Over the course of her outback chapters, spanning close to a decennial, I have taken over 56,000 photographs covering some 500,000 square kilometres since immersing into the greater desert regions of Central Australia. In particular, I am drawn to the decaying enamel of rust in the dust levelled at an assortment of post-carnage and yesteryears’ abandonment of motor vehicles peppered throughout the Central, Simpson and Western Deserts.
Literally climbing in and out, over and under of hundreds of metal carcasses not yet completely interned to the sands, her photography arches in between the chromatic intersection of light and darkness with a prescribed interplay on religiosity filtering deliberate sentiments of votive imagery through oscillating frames of prayer and faith – crucifixes and crosses.
The shattering of glass captured from these former carriages of petroleum movement heightens the illusion of a phosphorescent diaspora absorbed from windshields to quarter-glass to passenger walls of air, light and protection. Canvassed into the landscape of a baron inland sea, these prismatic shards of iridescent intensity not only satellite the curiosity of the photographer but also hostage solitude and fragility of the imagined rear view.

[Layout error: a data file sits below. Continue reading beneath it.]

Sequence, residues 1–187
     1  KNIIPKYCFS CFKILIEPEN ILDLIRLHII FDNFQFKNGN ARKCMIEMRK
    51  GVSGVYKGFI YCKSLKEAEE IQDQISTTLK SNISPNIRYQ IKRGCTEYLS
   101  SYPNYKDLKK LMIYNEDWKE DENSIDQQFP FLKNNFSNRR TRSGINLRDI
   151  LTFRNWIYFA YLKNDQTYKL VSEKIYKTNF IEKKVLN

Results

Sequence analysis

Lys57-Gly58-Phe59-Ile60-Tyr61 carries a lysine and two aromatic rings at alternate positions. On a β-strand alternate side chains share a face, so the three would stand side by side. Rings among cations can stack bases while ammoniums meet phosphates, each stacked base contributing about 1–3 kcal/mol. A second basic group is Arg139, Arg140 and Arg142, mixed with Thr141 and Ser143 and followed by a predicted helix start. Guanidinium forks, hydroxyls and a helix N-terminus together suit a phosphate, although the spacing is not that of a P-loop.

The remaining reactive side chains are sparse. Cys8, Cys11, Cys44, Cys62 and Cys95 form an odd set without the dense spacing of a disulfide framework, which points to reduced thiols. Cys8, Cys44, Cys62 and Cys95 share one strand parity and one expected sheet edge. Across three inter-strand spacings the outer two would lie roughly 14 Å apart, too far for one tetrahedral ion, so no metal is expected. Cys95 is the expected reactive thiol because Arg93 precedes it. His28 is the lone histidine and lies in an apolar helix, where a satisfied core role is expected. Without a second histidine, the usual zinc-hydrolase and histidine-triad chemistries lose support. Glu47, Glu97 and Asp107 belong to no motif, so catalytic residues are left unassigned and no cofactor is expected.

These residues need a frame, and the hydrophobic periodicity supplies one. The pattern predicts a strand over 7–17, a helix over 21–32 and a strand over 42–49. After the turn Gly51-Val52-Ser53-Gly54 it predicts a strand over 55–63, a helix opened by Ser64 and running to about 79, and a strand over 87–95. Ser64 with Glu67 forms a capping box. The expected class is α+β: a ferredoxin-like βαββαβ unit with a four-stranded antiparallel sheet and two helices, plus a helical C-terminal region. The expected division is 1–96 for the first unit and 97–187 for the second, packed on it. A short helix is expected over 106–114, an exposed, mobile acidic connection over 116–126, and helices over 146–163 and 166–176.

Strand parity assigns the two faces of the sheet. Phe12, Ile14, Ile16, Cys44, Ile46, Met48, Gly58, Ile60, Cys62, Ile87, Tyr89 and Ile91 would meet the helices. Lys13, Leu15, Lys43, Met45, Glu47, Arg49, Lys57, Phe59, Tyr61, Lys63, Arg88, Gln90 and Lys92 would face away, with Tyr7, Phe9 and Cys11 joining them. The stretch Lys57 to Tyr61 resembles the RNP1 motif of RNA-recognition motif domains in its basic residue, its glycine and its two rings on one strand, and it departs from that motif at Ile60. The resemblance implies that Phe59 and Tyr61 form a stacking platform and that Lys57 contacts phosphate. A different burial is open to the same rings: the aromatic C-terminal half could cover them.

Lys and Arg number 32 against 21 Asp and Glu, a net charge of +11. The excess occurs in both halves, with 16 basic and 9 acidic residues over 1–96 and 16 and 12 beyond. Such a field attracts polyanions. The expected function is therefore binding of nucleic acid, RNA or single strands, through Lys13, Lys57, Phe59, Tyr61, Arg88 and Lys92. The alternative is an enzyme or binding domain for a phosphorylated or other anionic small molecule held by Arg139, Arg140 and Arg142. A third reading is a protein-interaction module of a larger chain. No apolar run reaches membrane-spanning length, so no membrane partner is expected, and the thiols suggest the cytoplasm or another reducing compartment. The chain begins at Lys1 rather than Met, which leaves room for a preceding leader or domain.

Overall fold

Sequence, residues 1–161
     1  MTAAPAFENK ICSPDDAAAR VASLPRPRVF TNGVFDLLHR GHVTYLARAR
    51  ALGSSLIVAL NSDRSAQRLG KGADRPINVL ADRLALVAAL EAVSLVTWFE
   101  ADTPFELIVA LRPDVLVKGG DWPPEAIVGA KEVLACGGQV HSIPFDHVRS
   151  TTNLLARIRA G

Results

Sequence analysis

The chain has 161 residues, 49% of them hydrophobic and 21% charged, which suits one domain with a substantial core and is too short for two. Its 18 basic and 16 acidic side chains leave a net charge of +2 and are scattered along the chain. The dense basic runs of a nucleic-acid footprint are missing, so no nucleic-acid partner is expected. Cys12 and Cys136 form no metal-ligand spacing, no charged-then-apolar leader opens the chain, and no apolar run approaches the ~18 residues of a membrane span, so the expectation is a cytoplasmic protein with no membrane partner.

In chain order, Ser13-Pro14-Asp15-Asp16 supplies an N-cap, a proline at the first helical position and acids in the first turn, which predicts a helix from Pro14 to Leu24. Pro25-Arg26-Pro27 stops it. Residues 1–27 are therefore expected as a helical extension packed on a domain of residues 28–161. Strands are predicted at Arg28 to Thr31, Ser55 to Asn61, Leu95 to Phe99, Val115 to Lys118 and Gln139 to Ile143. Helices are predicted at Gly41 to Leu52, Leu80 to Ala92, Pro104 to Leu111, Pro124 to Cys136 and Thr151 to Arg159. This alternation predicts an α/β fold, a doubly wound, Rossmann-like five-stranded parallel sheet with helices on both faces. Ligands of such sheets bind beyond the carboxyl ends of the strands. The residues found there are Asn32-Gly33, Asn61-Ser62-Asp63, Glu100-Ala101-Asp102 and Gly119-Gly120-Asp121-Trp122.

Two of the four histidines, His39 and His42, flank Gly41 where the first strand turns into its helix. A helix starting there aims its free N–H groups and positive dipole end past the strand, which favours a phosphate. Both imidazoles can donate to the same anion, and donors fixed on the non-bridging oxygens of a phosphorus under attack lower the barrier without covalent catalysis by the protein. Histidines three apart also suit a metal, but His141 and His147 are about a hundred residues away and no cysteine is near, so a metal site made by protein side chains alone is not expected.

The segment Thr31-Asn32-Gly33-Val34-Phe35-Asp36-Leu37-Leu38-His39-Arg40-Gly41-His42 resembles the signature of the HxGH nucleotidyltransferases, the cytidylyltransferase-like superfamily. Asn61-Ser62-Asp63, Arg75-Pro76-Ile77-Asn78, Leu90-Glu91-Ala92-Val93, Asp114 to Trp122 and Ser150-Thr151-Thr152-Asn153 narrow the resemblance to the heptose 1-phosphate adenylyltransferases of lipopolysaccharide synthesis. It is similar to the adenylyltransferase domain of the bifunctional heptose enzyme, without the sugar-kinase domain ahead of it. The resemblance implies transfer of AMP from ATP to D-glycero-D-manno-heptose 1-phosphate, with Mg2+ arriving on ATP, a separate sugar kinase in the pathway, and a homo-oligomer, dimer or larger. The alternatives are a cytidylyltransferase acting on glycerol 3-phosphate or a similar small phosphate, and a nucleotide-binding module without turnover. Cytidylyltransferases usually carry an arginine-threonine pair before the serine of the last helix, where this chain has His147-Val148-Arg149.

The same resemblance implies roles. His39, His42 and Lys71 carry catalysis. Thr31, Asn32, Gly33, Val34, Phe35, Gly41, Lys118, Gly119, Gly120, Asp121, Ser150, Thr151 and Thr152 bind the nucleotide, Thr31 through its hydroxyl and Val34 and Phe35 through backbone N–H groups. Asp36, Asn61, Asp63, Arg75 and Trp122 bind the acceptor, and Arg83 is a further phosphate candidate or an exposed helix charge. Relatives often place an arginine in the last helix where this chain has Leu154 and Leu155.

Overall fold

Quarry floor tiles shadowing a high noon cell style window pane cast by natural sunlight at Albert Namatjira’s two-bedroom family home, six kilometres west of Hermannsburg. Western Arrernte Ntaria, Hermannsburg, 2017